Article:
After my first round of jaw surgery, my treatment plan became a little unusual…
I had my jaw operation in December 2015. After surgery, my post-op recovery was going well…until a morning in February when I woke up with my teeth the wrong way round. Once I’d woken up properly, my teeth moved back to their new, ‘proper’ position with the bottom jaw/teeth behind the top jaw/teeth. In the weeks leading up to this unexpected movement, I had noticed that, when I bit down on something a little harder, my top teeth would move upwards slightly. Since I had always bitten down with my teeth the ‘wrong’ way round, I assumed this was just how everyone ate and that the pain I could feel when biting into something harder like raw carrot sticks was merely because of the jaw surgery I’d had three months previously.
Sadly, the top teeth moving upwards and the pain were not an expected part of recovery. Slight movement whilst the bone heals is expected in the first 4-6 weeks, which is why a soft diet is crucial. When I saw my teeth the wrong way round, I rang the hospital as I was very concerned (obviously). In the end, it turned out that my jaw hadn’t healed with a bony union – where bone grows around the titanium plates and between the new jaw alignment. Instead, what’s known as a fibrous union had occurred. This is where (scar) tissue grows between the broken bone and new alignment. This was why my jaw could move up and down – because I was putting pressure on the scar tissue when I bit down on something, this is also why it was painful to eat harder foods since I could feel the pressure of biting down.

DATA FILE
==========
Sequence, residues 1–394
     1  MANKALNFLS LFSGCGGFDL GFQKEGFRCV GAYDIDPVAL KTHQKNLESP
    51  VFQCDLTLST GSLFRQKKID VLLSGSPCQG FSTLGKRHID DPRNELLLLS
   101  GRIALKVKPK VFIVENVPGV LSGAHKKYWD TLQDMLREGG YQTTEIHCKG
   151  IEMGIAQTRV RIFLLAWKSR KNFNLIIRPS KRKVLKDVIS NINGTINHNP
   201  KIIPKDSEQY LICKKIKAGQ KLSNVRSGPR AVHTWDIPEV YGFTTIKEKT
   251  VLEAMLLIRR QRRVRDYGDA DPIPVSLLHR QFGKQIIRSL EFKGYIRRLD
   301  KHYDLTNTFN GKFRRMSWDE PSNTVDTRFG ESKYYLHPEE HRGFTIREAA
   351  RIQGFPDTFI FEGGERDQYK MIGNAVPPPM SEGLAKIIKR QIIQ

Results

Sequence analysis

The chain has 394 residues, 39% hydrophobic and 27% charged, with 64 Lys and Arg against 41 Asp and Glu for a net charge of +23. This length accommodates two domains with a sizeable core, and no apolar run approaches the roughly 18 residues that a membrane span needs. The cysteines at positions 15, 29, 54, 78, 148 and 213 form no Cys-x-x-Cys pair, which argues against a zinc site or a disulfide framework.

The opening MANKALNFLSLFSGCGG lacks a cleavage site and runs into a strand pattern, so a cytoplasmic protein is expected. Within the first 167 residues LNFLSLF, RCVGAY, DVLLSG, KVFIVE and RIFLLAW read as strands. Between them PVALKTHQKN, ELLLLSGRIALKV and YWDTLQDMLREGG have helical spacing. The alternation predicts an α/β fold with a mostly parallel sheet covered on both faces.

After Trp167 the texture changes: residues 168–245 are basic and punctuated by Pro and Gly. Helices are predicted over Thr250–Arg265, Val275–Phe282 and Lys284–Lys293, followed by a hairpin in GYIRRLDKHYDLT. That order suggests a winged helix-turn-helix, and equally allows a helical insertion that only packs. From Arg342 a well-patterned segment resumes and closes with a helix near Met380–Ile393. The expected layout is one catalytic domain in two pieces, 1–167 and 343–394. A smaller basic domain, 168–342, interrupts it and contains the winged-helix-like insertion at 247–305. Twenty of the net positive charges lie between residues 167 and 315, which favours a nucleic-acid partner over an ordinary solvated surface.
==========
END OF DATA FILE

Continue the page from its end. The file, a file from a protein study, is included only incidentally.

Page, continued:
To try and resolve this, I was given a bite raiser (a thick, soft piece of plastic) that went over my bottom teeth to try and relieve pressure on my jaw when I would clench my teeth (which was particularly important at night). This didn’t help the jaw to stabilise and the surgeon’s worry that the jaw hadn’t healed properly was confirmed.
I decided to have another round of jaw surgery in September 2016, since (by this time) my jaw had moved back to how it was pre-surgery in December 2015. I’d like to highlight that this was an EXTREMELY rare thing to have happened. I found it quite hard to cope with psychologically (please see my other article), but luckily my second lot of surgery did work.